The longest hours of Algorithm and Programming I Assignment.

I’ll just write my story here.

Previously, i was going to write it on my code. But hell, no!

January 1st, 2016. 16:49.

This morning (git commit on my computer timestamped at 6:49 AM –what a coincidence–), i finished refactoring lastSpaceBlock function (the funciton to find the last filled pattern). Previously, i check the selected message with the actual message. Because comparing string need to call another function, i decided to leave it and go with index accessor to find the last filled pattern. Solved, Commit!

Everything was fine here, but the pattern still printing spaces when the next pattern are empty. Still 19 hours remain, no worries!

To solve the space problem, i prefer to use a function which compare the lastSpaceBlock result with the block index. The problem is, lastSpaceBlock only return a single index location. Each pattern line are unique, and this function messed the pattern result when a block have fully spaced line pattern. At the end, i use the struct method and convert the lastSpaceBlock function to the struct type.

I create the struct to hold the location of filled pattern for each pattern line in an array of five integer. Then the lastSpaceBlock return the array. Everything seems fine here. I leave the code at this state because I had to do the human thingy.

A couple hours later, i return to the code world. Opening Sublime, and SourceTree. I see my own comment on the code, and figure out what to do to solve this space problem. Everything happened so fast at the moment. My brain think faster than my hands typing.  I create the “switched” loop (i got the name from this paper) and a for inside it,. The switched loop only checking the 1st, 2nd, and 5th line, because the other 2 lines are all filled.. I’m so confident to check the result, but I was wrong. My code fail. The pattern still printing the unneeded spaces.  Then i’m trying to initialize the struct array. But it’s solve some case, but it’s still wrong.

Then I replace the for loop inside switched loop with while with a help of a status variable (to break the loop when the pattern are filled). Then I replace it again with do while loop. After that, my code seems perfect. I couldn’t imagine it’ll be wrong again. I press the Ctrl + B button, the Build Command on Sublime, and inputting the acse to the console. But the space are still there. What’s going on?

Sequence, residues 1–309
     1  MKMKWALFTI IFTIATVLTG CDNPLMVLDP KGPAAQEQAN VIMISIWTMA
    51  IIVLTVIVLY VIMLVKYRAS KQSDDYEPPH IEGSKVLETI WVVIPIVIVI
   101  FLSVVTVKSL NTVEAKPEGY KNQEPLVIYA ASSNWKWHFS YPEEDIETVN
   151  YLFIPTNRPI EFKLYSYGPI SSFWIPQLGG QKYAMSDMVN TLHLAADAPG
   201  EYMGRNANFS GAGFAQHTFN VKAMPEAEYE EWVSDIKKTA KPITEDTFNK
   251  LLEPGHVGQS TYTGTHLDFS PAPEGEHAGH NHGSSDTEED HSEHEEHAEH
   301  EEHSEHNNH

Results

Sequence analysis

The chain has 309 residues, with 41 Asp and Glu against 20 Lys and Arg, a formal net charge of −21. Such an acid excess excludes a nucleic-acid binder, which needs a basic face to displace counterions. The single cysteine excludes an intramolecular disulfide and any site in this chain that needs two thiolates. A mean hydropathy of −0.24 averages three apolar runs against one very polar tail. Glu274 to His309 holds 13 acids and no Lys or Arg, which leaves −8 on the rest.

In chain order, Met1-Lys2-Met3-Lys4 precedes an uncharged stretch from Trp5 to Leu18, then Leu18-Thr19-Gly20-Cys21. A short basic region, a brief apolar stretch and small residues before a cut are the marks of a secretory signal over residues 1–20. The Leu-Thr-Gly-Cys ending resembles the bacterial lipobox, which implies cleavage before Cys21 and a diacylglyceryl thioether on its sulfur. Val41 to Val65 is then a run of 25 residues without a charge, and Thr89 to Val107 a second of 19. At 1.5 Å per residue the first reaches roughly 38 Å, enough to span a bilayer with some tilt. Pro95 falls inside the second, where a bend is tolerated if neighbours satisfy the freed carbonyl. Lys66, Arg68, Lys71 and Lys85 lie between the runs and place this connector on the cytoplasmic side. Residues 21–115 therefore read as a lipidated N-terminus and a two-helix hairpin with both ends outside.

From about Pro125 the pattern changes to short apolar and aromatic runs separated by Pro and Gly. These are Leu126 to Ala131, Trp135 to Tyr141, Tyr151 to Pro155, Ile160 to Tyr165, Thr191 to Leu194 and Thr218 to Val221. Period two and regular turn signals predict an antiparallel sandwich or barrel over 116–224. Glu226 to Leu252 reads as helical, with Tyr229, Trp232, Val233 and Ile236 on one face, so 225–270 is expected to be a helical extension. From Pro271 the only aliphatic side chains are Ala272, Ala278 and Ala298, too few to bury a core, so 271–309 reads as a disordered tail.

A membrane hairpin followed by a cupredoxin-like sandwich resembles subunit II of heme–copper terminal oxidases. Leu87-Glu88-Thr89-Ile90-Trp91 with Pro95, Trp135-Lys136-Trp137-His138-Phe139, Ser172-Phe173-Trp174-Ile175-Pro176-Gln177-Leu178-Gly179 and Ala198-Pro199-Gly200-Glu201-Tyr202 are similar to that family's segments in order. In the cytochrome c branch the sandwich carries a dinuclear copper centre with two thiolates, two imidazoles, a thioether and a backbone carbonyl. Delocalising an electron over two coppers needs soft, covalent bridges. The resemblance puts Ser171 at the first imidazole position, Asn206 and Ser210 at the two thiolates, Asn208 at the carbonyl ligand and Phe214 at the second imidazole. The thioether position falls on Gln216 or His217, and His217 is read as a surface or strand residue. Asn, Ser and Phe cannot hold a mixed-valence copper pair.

I try to change the conditional check inside the for loop, but it’s still wrong. I then decided to discard the code rewrite it. But still no luck. So much hour wasted to figure out that the problem were lies on the status variable.

Previously, i initialize the status variable at the beginning of the function. I never thought about reinitialization at each loop until somehow my eyes catch the int status = 1; line. Then i write the status variable reinitializatino on each for loop, and voila! Works like a charm!

The clock point on 16:49, 10 hours after my lastest commit. So many stupidities happen here. After the moment when my brain think so fast, it’s stuck like a snail. Resulting in many innocent hour wasted for this. But still, this is how you learn. This is the learning curve.

You aren’t noob, just less experienced.¹

Looking back for the aim of this assignment, my lecturer gives perfect name for it, the name itself describe it so much. “Tugas Masa Depan” (The Future Assignment, ed). Even further, the tagline make it complete. “Untuk masa depan yang lebih baik” (For better future, ed).

I saw many things happened from this assignment. Not only on my own self, but also at the other. There’s someone who were really passionated with this, and there are the other, who lost his confident.

This assignment prove that time management are the most important things in our live. The faster you finish this, the more you able to do other things. The right amount of time you allocate for this, the result are just “right”. At the other hands, those who can’t manage their time will ended up suffering, walking with the shadow of remedy.

Thank you, for the lesson, Mrs. lecturer.

Further Reading:

My TMD Git Commit History – https://gitlab.com/afrastgeek/algorithm-programming-1/commits/master/Tugas%20Masa%20Depan

Efficient C Programming:

Efficient C/C++ Coding Techniques –
http://www.open-std.org/jtc1/sc22/wg21/docs/ESC_Boston_01_304_paper.pdf


¹Well said, Ben.

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